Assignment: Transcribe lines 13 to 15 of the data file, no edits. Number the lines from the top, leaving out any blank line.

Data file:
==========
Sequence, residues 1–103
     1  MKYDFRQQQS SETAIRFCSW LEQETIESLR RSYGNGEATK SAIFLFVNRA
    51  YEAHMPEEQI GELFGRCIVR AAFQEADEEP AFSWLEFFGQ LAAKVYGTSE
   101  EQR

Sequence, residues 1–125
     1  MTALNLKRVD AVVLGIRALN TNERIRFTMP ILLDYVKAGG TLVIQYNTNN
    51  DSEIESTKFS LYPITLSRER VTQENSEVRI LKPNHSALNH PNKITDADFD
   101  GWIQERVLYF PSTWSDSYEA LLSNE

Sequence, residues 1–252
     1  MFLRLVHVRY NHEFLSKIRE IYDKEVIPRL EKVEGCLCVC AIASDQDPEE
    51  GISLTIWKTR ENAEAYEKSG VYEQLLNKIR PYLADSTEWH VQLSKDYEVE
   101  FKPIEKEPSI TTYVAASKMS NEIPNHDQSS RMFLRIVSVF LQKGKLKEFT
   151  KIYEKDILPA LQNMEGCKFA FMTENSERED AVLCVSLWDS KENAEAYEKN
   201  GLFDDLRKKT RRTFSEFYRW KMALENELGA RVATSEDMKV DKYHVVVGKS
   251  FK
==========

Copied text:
   151  KIYEKDILPA LQNMEGCKFA FMTENSERED AVLCVSLWDS KENAEAYEKN
   201  GLFDDLRKKT RRTFSEFYRW KMALENELGA RVATSEDMKV DKYHVVVGKS
   251  FK